South Shore Regional School Board

Canadian Points of View Reference Centre™ Supports Information Literacy Skills Development for Students in Nova Scotia

At a Glance

South Shore Regional School Board
Nova Scotia, Canada

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Related Products:   Research Databases

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The South Shore Regional School Board of Nova Scotia provides education to approximately 7,500 students who reside in Lunenburg and Queens counties. The 29 schools within the South Shore Regional School Board have access to a number of EBSCO resources through the Nova Scotia Department of Education. These include Explora, Literary Reference Center, History Reference Center, Science Reference Center and Canadian Points of View Reference Centre, a database containing resources that present multiple perspectives on current topics. This content helps students better understand controversial issues, recognize and develop persuasive arguments and essays, and develop critical thinking skills.

The deepest learning happens when students are discussing and engaging with each other using the language of the topic, using the evidence to defend their points.

Erin Dunn-Keefe
Literacy Coach
South Shore Regional School Board


Erin Dunn-Keefe began working as a literacy coach for the South Shore Regional School Board in 2016. She is one of two literacy coaches hired by the board to support classroom instruction and model effective strategies for teaching information literacy. Dunn-Keefe spends her time travelling among classrooms in the region’s middle and high schools, helping teachers improve students’ skills in reading, comprehension, vocabulary, research and writing. Some of the classes she visits include English Language Arts, English as an Additional Language, Math, Science, Chemistry, Global Geography and Sociology.

“Most school boards focus their literacy support on the younger grades, which is where a lot of that belongs,” Dunn-Keefe explained. “However, our school board has been noticing that students are struggling with reading, writing and speaking as they’re leaving high school. We think that’s another crucial time to check in with kids to make sure they’re reading great content, they understand what they read, they’re talking about what they read, and they can write about it. That’s where a resource like Canadian Point of View Reference Centre really assists us.”

Working with classroom teachers, Dunn-Keefe develops lessons based on the curriculum unit. Canadian Points of View Reference Centre has been useful in supporting lessons that require students to write persuasive arguments, talk about issues intelligently with each other, and engage in formal debate. The database covers 185 topics of interest, each with an overview (objective background), point (argument) and counterpoint (opposing argument). Each topic also features a Guide to Critical Analysis to help students read critically, evaluate the issue, develop their own perspective, and write or debate an effective argument on the topic. The database also includes related materials: thousands of magazines, newspapers, radio and television news transcripts, primary source documents, reference books and more. In addition, Text-to-Speech functionality enables students to hear HTML articles read aloud. Dunn-Keefe said the feature is especially helpful to students with learning differences.

Dunn-Keefe described a recent lesson she prepared for Kerry Keefe, a sociology teacher at Bridgewater Junior-Senior High School. The lesson focused on the impact of divorce in Canadian families. The whole class read the topic’s Overview article; then the class was split into two groups. One group read the point essay, “Divorce is Harmful to Children and Creates Instability in Society,” while the other group read the counterpoint essay, “Divorce is a Reality for an Increasing Number of Families.” Each group was then asked to determine the strengths and weaknesses of their essay’s argument and nominate two students to participate in a jigsaw discussion. The lesson aimed to teach students how to talk with each other about a topic, using the text evidence in front of them rather than relying on their opinions or what they may have seen online or on YouTube.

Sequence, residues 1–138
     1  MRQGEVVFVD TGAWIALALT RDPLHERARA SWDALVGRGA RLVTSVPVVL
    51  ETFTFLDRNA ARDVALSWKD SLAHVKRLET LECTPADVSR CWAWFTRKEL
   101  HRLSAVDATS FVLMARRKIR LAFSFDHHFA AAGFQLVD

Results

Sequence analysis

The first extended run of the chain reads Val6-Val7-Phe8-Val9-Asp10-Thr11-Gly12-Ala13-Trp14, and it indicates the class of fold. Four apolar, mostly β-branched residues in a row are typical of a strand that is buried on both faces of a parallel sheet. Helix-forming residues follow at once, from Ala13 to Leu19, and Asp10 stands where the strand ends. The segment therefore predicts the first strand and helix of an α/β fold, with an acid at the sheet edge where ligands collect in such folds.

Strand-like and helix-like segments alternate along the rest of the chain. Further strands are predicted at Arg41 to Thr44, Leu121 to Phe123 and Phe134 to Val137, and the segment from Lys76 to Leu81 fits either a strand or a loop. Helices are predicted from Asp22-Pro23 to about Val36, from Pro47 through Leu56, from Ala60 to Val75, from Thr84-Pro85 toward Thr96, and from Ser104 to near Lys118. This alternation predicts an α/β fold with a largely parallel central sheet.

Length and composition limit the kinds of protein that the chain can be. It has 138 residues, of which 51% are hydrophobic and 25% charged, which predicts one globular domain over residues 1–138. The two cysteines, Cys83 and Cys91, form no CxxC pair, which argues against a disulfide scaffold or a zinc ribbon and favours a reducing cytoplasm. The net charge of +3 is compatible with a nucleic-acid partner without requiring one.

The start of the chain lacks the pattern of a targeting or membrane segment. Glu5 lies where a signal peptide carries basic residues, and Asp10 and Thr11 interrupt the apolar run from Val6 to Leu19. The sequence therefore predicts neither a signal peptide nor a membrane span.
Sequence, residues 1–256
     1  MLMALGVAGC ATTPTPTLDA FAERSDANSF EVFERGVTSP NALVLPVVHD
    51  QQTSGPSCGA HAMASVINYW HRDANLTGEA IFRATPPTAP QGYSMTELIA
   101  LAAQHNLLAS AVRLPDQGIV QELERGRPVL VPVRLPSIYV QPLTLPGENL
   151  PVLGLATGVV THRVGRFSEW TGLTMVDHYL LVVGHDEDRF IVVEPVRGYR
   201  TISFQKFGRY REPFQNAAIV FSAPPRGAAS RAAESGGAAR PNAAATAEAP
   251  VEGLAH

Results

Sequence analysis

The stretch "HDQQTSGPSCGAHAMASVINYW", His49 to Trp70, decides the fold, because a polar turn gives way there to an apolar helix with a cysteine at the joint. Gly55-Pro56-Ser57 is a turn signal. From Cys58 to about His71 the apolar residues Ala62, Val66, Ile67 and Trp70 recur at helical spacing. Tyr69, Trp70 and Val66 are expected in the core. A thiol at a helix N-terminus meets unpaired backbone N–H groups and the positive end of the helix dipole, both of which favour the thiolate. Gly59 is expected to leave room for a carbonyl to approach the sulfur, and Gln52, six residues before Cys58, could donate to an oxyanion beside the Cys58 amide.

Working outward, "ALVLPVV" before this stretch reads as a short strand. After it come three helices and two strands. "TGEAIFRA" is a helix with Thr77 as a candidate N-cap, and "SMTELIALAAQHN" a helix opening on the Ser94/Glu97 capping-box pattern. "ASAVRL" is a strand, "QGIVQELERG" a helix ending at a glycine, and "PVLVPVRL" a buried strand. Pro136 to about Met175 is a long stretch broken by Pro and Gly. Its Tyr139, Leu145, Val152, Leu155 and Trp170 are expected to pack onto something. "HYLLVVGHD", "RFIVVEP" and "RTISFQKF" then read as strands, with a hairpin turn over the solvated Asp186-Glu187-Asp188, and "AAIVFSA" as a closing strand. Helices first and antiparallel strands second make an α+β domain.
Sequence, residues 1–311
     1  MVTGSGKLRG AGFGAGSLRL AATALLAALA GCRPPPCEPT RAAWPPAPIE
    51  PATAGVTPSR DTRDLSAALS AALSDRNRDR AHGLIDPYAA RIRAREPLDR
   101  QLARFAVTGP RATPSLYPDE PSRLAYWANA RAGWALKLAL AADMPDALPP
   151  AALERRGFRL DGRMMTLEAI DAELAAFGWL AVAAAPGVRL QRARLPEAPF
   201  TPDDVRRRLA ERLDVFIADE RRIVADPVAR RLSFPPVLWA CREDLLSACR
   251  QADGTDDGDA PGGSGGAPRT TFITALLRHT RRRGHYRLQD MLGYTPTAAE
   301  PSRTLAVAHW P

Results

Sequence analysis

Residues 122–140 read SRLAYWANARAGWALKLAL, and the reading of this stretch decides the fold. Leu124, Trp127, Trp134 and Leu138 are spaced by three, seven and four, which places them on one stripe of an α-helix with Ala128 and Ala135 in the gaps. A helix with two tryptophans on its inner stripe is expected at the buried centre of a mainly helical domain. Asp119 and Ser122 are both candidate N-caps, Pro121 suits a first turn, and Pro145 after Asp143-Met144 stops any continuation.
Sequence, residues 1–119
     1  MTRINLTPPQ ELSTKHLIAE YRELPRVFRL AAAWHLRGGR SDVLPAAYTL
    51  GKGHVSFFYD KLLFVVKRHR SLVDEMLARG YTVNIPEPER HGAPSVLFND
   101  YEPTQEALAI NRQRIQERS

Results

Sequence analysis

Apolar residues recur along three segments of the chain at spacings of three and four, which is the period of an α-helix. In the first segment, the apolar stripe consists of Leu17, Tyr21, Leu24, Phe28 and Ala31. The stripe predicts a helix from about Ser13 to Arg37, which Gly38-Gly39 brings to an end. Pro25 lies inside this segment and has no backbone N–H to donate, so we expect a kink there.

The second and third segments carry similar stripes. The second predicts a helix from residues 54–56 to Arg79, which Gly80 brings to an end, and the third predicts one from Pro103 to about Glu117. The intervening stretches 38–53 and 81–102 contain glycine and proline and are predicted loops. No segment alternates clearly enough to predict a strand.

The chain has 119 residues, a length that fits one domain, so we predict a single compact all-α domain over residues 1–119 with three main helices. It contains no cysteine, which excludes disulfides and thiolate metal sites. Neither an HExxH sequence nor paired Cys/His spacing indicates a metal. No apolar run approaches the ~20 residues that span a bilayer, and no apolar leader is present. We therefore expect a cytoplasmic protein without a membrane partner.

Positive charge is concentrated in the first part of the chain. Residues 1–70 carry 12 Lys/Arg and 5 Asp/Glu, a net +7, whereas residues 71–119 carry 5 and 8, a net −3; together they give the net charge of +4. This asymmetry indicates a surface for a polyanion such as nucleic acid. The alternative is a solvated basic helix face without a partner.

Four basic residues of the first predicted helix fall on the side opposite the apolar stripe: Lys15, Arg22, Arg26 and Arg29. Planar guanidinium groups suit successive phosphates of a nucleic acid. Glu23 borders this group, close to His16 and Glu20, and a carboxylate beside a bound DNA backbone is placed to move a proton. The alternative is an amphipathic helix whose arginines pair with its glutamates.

“The deepest learning happens when students are discussing and engaging with each other using the language of the topic, using the evidence to defend their points,” Dunn-Keefe said. “Is it important that they can write about it? Yes. But when they can debate and discuss and back up their opinions with evidence from reliable Canadian sources, that, for me, is a success.”

Kerry Keefe, the sociology teacher who implemented Dunn-Keefe’s lesson, said Canadian Points of View Reference Centre has been “an exciting addition” to his course. In the past, he would search the internet looking for information on current issues, but now he can easily implement a dynamic seminar or debate using reliable resources.

“My students were very enthusiastic about the divorce lesson and they are now beginning to create their own social issue seminar using Canadian Points of View Reference Centre,” Keefe said. “This is a real gem!”

Dunn-Keefe said it is important that students hone their information literacy skills while they are still in high school so that they will not be overwhelmed by college-level research, writing, and debate.

“It can be really frightening for students,” she said, “especially if they’re in a rural area and they go off to these big universities in big cities. They may feel a bit intimidated, so — in the safe environments of their small high schools — they’ve got to be able to debate each other, and the information they are debating with needs to be valid.”

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